We had no revenue during the year ended June 30, 2007 compared to $328,105 during the year ended June 30, 2008. Revenue during the year ended June 30, 2008 was predominately from the sale of syngas produced at the HH Joint Venture plant in China as well as revenue from project development fees.
Cost of goods sold
There were no costs of goods sold during the year ended June 30, 2007 compared to $3,127,363 during the year ended June 30, 2008. Cost of goods sold during the year ended June 30, 2008 primarily included direct materials (mainly coal) of $1.1 million, electricity of $0.8 million, plant depreciation expense of $0.7 million, indirect material of $0.2 million and other production overhead costs of $0.3 million.

 

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General and administrative expenses
General and administrative expenses increased 132.1% from $5.9 million during the year ended June 30, 2007 to $13.6 million during the year ended June 30, 2008. The increase of $7.7 million was primarily due to an increase in salaries and incentive wages as a result of increased staffing levels, and to a lesser extent, an increase in travel expenses associated with activities in China, investor relations expenses, outside consulting and accounting fees incurred in connection with Sarbanes-Oxley Act compliance requirements and legal fees.
Stock-based compensation expenses
Stock-based compensation expense decreased from $6.6 million during the year ended June 30, 2007 to $6.0 million during the year ended June 30, 2008. The decrease was due to the partial immediate vesting of options granted to certain members of senior management in prior periods. Stock-based compensation expense includes expense related to both service and performance-based vesting stock options.
Project and technical development expenses
Project and technical development expenses increased 394.4% from $1.1 million during the year ended June 30, 2007 to $5.6 million during the year ended June 30, 2008. The increase was primarily due to increased expenditures related to our projects with CONSOL, Hai Hua and Golden Concord and the amortization of $1.25 million of the GTI facility reservation and use fee for calendar year 2008.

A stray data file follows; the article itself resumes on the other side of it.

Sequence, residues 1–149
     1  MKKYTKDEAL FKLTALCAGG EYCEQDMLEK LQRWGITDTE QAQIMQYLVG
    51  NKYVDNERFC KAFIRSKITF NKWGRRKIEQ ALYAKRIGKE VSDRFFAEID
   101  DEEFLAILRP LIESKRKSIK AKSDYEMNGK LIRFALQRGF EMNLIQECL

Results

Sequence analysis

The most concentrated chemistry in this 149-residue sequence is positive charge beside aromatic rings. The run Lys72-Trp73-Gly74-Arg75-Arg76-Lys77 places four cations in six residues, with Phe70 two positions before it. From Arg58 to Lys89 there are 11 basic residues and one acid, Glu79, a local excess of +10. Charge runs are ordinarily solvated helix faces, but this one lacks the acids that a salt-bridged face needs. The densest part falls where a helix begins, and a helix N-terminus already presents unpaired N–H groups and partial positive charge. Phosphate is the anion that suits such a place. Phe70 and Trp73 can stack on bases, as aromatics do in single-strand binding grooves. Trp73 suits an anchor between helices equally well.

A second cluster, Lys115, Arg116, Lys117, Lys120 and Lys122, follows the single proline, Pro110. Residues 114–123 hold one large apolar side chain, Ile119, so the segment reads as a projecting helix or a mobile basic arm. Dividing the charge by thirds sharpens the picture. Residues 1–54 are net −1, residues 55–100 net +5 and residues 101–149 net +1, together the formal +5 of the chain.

Interest income
Interest income decreased from $0.5 million during the year ended June 30, 2007 to $0.4 million for the year ended June 30, 2008. The decrease was primarily due to lower effective interest rates partially offset by higher interest income from higher cash balances due to investment of the proceeds from equity offerings during the year.
Interest expense
There was no interest expense recorded during the year ended June 30, 2007 compared to $0.4 million recorded during the year ended June 30, 2008. Prior to the Hai Hua plant being placed into service, interest expense related to the HH Joint Venture’s outstanding loan with the Industrial and Commercial Bank of China (“ICBC”) was capitalized. The Hai Hua plant was commissioned in January 2008. Interest on the ICBC loan has been expensed from that point forward.
Net loss
Net loss for the year ended June 30, 2007 was $13.1 million, or $0.47 per share, compared to a net loss of $27.4 million or $0.80 per share, during the year ended June 30, 2008.
Year Ended June 30, 2006 compared with Year Ended June 30, 2007
Revenue
We had no revenue during either of the years ended June 30, 2006 and 2007.
Cost of goods sold
We had no costs of goods sold during either of the years ended June 30, 2006 and 2007.

 

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General and administrative expenses
General and administrative expenses increased 473.3% from $1.0 million during the year ended June 30, 2006 to $5.9 million during the year ended June 30, 2007. The increase of $4.9 million was primarily due to an increase in salaries and incentive wages as a result of increased staffing levels, and to a lesser extent, an increase in travel expenses associated with activities in China, investor relations expenses, outside consulting and accounting fees.
Stock-based compensation expenses
Stock-based compensation expense increased 118.2% from $3.0 million during the year ended June 30, 2006 to $6.6 million during the year ended June 30, 2007. The increase was due to the partial immediate vesting of options granted to certain members of senior management upon the initial grant of those options during the year ended June 30, 2006.